12 Feb 2020 Press release Chemicals & waste

Bamako Convention: Time for Africa to move from decisions to action on hazardous waste

Brazzaville, 12 February 2020 – Parties to the Bamako Convention on the Ban of the Import into Africa and the Control of Transboundary Movement and Management of Hazardous Wastes within Africa are coming together for the third Conference of the Parties (COP-3) to the Convention. The Conference runs from 12 February to 14 February 2020 in Brazzaville, Republic of the Congo under the theme: From Decisions to Action: Working for Africa with a Safe Chemicals and Waste Future.

Hazardous waste in Africa poses substantial threats to human health and the environment.  African nations have long dealt with incidents involving hazardous waste dumping through importation or outright dumping. Unfortunate environmental disasters and the current piles of e-waste threatening the health of African communities makes the continent particularly disproportionally affected by the dumping of harmful chemical materials.

“The theme for this COP is a call to move forward and make a reality those aspirations which Member States have shared over the last two conferences,” said Juliette Biao Koudenoukpo, Director and Regional Representative for the UN Environment Programme’s (UNEP) Africa Office. “This requires renewed political commitment and the development of strategies, policies and institutional frameworks for the effective implementation of the Convention.”

COP-3 will provide a platform to discuss ways and means of ensuring that the continent moves from making decisions to action to rid itself of hazardous wastes and contribute to the achievement of a pollution-free planet. The Conference is also expected to discuss a roadmap for the transfer of the Secretariat of the Convention to the Republic of Mali.

  • In August 2006, the cargo ship Probo Koala discharged 500 tons of toxic waste in Abidjan killing 17 people and poisoning thousands of others.
  • In 1988 thousands of barrels of hazardous waste disguised as building materials were discovered in the village of Koko, Nigeria. Several barrels were unsealed causing leakage and serious health effects to the residents.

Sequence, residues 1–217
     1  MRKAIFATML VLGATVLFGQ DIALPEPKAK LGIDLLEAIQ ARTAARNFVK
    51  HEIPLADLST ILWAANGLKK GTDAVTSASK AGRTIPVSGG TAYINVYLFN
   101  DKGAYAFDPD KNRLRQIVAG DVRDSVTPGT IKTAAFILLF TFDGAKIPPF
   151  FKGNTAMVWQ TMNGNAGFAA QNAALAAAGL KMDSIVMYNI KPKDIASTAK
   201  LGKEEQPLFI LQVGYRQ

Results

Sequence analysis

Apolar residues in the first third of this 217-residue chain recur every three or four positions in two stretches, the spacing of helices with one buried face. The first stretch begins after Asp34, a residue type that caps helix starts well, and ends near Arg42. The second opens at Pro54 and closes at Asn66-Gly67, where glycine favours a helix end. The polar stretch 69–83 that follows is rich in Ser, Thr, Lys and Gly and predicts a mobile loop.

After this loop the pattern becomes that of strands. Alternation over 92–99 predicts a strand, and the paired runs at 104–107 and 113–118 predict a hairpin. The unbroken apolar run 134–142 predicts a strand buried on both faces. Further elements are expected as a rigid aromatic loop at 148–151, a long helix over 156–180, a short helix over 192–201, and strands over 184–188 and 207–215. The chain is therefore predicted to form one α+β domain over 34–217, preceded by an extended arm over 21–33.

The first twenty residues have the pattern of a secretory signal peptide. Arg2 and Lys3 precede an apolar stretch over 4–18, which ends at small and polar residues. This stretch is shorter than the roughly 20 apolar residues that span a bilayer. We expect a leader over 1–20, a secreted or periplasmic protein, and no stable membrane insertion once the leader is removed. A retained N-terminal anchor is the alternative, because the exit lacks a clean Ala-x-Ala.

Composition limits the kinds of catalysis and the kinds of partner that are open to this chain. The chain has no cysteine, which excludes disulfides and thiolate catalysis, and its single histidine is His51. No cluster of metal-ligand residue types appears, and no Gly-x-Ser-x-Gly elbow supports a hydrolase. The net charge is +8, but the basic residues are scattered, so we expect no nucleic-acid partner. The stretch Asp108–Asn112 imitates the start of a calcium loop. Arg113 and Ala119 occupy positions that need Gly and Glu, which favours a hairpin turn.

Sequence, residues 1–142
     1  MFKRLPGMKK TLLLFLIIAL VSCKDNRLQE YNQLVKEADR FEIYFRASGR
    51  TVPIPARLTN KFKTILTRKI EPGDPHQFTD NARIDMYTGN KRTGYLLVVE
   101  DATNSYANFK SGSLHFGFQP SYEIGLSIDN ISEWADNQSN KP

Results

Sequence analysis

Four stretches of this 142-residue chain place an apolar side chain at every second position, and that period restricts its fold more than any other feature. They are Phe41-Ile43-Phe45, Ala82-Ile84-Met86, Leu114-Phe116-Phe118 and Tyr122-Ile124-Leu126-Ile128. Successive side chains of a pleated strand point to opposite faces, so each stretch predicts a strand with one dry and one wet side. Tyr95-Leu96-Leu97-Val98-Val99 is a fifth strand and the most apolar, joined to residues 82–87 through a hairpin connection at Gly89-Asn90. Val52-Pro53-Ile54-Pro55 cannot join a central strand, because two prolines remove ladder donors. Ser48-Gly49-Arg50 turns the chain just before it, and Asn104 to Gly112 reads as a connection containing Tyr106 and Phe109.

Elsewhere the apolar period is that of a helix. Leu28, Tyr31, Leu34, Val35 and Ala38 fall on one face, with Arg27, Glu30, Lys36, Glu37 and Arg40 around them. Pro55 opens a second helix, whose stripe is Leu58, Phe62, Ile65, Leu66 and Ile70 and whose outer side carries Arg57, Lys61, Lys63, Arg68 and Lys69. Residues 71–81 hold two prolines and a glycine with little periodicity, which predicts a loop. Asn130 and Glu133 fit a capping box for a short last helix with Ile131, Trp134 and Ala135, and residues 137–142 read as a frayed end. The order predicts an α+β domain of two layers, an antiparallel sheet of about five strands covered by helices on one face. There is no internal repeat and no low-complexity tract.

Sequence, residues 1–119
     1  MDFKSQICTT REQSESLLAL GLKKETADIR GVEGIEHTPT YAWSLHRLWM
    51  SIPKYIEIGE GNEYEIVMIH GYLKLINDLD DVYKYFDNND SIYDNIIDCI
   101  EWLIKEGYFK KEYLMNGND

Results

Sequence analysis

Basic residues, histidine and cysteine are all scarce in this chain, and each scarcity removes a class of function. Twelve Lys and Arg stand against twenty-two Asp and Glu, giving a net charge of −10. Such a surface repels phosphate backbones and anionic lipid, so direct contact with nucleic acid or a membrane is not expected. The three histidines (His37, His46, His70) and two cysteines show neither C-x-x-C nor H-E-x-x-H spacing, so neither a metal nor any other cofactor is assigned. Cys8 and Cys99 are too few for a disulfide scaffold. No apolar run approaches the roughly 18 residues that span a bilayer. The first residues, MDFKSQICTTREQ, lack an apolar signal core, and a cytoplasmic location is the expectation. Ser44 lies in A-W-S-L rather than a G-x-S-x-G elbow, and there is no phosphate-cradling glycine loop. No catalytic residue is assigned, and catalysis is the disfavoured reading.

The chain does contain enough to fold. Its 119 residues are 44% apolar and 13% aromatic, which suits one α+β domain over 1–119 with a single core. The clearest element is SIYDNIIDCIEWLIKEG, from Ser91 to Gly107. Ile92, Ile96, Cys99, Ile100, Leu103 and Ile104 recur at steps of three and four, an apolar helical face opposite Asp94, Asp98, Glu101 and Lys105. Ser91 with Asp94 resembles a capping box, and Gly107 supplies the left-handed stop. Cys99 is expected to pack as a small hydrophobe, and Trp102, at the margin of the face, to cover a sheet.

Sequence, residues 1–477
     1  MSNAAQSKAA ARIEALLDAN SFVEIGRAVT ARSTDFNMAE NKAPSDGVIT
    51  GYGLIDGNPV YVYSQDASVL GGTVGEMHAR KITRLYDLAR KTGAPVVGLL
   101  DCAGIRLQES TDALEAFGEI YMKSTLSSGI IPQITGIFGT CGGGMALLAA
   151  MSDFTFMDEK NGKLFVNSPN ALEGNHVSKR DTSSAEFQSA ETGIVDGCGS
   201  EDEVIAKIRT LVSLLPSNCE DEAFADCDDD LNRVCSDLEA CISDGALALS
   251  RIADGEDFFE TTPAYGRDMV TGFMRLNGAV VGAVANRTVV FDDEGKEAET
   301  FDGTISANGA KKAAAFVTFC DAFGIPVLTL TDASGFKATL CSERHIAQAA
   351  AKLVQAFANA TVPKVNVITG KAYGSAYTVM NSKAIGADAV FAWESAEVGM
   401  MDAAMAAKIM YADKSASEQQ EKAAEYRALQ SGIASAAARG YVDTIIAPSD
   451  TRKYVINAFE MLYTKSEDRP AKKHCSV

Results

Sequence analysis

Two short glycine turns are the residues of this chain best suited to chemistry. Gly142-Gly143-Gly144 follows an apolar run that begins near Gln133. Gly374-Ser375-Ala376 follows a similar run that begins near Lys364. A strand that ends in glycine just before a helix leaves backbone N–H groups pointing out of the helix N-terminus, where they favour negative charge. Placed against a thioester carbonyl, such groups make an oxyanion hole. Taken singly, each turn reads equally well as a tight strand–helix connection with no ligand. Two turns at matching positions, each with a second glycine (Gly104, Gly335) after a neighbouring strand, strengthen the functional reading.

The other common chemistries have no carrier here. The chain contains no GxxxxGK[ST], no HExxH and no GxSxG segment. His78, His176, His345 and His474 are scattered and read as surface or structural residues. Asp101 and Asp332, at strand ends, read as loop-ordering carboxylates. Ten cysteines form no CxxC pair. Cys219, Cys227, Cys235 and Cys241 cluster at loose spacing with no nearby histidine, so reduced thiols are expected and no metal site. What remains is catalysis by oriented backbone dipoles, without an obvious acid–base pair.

Established in 1991 by Africa nations and coming to force in 1998, the Bamako Convention is a response to Article 11 of the Basel Convention, which encourages parties to enter into bilateral, multilateral and regional agreements on hazardous waste to help achieve the objectives of the Convention. The Bamako Convention prohibits the import into Africa and the dumping or incineration into ocean and inland water of hazardous wastes, including radioactive waste; the Convention promotes the minimization and control of trans-boundary movements of hazardous waste within the African continent. The Convention also aims to improve and ensure ecologically rational management and handling of hazardous waste within Africa, as well as cooperation between African nations.

“Waste management is today one of the biggest challenges to our planet and a major concern for our countries because of its health and environmental consequences,” said Joseph Seka Seka, Minister of the Environment and Sustainable Development for Cote D’Ivoire and the outgoing President of Bamako Convention. “We have a collective responsibility to protect and save our environment and our common planet in the face of threats to the health and well-being of our populations, and to work in favour of an Africa safe from the harmful effects of chemicals and waste.”

Parties are expected to review and adopt the new proposed list of substances which have been banned, cancelled or refused registration by government regulatory action, or voluntarily withdrawn from registration in the country of manufacture, for human health or environmental reason.

 

NOTES TO EDITORS

Find more information on COP-3

Probo Koala Incident
In 2006, a Panama-registered cargo tanker, chartered by Trafigura, a commodities’ trading multinational, dumped over 500 cubic meters of highly toxic waste in Abidjan, killing 17 people and poisoning thousands.

Koko, Nigeria incident
In 1988, Italian businessmen illegally dumped over 2000 drums, sacks, and containers full of hazardous wastes in a small fishing village in southern Nigeria. The waste was claimed by the dealer to be fertilizers that would help poor farmers, but instead it turned into a nightmare. Few months later the containers started leaking causing stomach upset, headache, failing sight and death to the local community. The area around the dumpsite was rendered inhabitable and 500 residents were evacuated. People in the Koko village still remember this accident as ‘drums of death’.

About the Bamako Convention
The Bamako Convention was negotiated by twelve nations of the Organization of African Unity at Bamako, Mali in January 1991, and came into force in 1998. It prohibits the import to Africa and ocean and inland water dumping or incineration of hazardous wastes; establishes the precautionary principle; and provides for the sound management of these wastes within the continent.

About UN Environnent Programme (UNEP)
UNEP is the leading global voice on the environment. It provides leadership and encourages partnership in caring for the environment by inspiring, informing, and enabling nations and peoples to improve their quality of life without compromising that of future generations. UNEP works with governments, the private sector, civil society and with other UN entities and international organizations across the world.

For more information and to arrange interviews, please contact:

Mohamed Atani, Regional Information Officer, UNEP, Africa Office: - Tel: +254 727531253.